Considering bringing in someone to speak on humor in the workplace for your next conference event or meeting? A lot of speakers, frankly, have jumped on the “humor in the workplace” topic bandwagon because it’s perceived to be an “easy” topic with a fast-growing demand. So do your homework before investing a lot of time and money in your next humor speaker.
Here are a few things you may want to consider/ask a potential humor in the workplace speaker:
1. What is the balance between humor and content? Some “humor in the workplace” speakers are former comedians who really just present a comedy act and call it “humor in the workplace.” So try and get a sense of their background, and the ratio of content vs. humor in their presentations. Depending on the audience, the time of day and your goal, you may indeed be better off just hiring a comedian for the event (for example, if it’s an after dinner venue where alcohol is served!).
2. Does the speaker practice “safe humor”? Many of my clients have complained about former speakers (again, more of the comedic bent) whose use of humor crossed the line – suitable for a nightclub act, but not suitable for a diversified workplace audience.
3. Humor in the workplace is a broad, multidisciplinary topic that touches on a number of workplace issues such as managing stress, communication, creativity, employee motivation, leadership and customer service. So again, be clear on your purpose. Humor in the workplace presenters often have different areas of focus or expertise, so be sure to ask again what their background is, what areas they focus in on, and what their messages are.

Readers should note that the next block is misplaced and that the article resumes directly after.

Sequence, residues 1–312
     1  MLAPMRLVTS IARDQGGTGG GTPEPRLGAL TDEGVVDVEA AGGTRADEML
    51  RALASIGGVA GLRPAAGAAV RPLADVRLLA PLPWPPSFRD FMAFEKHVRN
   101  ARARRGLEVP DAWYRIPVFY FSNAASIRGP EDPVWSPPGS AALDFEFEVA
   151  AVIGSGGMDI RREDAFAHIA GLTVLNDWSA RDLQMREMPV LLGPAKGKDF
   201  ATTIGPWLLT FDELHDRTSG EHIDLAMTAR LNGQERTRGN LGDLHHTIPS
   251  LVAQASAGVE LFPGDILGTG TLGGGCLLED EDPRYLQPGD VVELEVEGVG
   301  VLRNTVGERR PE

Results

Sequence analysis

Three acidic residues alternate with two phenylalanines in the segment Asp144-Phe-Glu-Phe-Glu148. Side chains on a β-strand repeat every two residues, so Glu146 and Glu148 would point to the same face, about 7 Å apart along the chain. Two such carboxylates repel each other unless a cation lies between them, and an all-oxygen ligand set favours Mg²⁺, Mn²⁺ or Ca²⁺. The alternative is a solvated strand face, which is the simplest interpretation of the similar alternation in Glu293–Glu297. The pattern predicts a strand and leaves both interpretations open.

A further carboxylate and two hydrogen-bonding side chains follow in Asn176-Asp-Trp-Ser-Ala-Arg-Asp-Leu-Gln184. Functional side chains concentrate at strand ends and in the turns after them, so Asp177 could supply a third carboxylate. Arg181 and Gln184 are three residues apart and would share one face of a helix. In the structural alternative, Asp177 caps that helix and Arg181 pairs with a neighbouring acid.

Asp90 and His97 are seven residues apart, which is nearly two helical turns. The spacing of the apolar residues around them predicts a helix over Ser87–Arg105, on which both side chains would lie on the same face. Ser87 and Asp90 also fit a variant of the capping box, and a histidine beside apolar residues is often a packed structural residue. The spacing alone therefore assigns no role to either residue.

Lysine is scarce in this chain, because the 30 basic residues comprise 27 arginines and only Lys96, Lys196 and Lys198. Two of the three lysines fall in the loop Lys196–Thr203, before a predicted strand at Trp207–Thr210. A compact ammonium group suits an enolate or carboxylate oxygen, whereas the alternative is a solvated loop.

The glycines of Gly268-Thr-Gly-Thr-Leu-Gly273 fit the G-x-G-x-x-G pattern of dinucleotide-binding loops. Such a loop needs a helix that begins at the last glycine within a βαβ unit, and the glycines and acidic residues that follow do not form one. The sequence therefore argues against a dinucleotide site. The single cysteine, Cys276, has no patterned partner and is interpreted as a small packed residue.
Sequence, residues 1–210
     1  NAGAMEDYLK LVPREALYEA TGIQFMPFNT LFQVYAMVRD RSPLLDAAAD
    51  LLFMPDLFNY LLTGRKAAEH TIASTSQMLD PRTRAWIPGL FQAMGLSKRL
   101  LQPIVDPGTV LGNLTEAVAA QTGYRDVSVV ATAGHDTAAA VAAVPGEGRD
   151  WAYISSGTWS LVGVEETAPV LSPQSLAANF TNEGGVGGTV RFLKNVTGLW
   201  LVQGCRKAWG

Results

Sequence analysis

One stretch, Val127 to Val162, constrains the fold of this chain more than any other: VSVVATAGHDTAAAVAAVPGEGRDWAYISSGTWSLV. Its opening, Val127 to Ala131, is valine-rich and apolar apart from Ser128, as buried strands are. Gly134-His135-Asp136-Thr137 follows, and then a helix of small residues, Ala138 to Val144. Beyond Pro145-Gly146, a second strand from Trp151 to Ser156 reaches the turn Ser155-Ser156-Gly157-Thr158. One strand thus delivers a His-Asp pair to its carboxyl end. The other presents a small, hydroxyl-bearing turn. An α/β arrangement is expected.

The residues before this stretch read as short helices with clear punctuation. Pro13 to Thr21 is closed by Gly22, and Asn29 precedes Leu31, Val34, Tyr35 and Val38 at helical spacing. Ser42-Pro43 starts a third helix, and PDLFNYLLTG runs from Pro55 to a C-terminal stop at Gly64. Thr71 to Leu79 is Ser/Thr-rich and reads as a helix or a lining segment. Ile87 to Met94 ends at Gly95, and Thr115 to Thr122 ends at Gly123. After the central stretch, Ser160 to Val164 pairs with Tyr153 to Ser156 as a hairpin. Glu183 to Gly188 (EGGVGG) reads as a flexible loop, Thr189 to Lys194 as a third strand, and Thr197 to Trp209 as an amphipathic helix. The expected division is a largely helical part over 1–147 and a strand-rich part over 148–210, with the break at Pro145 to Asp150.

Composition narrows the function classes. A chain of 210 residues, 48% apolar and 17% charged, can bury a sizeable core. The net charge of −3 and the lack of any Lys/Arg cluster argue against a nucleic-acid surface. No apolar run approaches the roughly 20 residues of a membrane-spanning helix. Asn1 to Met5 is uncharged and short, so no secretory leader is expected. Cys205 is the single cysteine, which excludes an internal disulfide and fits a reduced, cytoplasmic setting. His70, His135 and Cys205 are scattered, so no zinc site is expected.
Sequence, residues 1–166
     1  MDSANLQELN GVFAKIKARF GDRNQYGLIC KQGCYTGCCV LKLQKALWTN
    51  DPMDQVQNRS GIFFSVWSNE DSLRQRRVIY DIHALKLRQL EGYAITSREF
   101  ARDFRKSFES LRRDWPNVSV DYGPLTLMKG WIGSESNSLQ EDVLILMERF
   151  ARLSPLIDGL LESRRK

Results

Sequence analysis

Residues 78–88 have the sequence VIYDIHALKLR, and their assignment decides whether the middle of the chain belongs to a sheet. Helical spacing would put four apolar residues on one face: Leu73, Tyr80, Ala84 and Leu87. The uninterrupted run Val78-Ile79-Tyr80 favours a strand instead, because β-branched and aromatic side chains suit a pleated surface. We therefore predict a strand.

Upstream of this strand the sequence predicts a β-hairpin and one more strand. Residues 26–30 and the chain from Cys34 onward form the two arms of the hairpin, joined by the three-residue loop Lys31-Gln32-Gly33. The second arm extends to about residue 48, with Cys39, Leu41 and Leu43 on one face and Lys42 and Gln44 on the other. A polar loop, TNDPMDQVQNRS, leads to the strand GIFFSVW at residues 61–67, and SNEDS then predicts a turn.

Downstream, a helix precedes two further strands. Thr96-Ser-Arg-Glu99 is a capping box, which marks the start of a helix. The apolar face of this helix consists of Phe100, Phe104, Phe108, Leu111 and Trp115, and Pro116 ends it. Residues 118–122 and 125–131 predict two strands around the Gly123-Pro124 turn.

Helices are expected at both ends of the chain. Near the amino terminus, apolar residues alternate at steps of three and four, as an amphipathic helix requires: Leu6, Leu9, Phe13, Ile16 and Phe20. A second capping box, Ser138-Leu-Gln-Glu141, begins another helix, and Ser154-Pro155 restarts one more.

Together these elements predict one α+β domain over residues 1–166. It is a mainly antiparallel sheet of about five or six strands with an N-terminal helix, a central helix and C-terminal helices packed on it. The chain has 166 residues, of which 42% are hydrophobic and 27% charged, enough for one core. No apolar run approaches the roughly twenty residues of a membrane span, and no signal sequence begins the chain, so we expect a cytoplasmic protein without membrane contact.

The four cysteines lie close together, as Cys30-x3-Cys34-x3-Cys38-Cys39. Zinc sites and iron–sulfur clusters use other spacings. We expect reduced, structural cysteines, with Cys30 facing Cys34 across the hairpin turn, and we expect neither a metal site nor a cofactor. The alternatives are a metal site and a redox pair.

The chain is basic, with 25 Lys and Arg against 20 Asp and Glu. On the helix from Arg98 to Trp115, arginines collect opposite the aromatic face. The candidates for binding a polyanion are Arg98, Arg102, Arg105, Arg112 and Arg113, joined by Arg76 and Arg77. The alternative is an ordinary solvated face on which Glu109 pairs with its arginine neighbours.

4. It’s extremely easy to send the wrong message about using humor in the workplace. The topic can come off as “light-weight,” superficial or even a little flaky. It’s easy to use humor as window dressing or as a band-aid solution in the workplace, and even easier to do things that are frankly a little corny.
For any discussion of humor at work to be taken seriously, you need to go deeper. You need to hire speakers who understand how workplace cultures are nurtured and who understand the complexities of managing an organization. You need to view humor as both a tool/resource AND as the end result of working in a successful, high-performing workplace culture. It’s all about context and placing humor in the right context.
5. Does the speaker do any interactive activities? Again, you may WANT some audience interaction, depending on the length of the presentation and your desired goals. But again, be very careful – ask about the activities the speaker is planning. Do they really add anything to the event? Are they going to be viewed as being a tad “flaky” by your audience?
So how can you make sure the humor in the workplace speaker you hire is the right match for your event?
Copyright Michael Kerr, Humor at Work, 2010
“Just wanted to say “WOW!” Our group has had many speakers over the years, but none the likes of Mike Kerr.”
Richard Dansereau, President, NAPA Autopro BDG
“Michael Kerr is one of the best speakers I have seen. I highly recommend him!”
Veronica D. Bouvier, Executive Vice President and Chief Financial Officer, Aspen Properties Ltd.
“Mike held the full attention of our senior management team for a full FOUR hour
presentation – no small accomplishment!”
Martine Rothblatt, CEO, United Therapeutics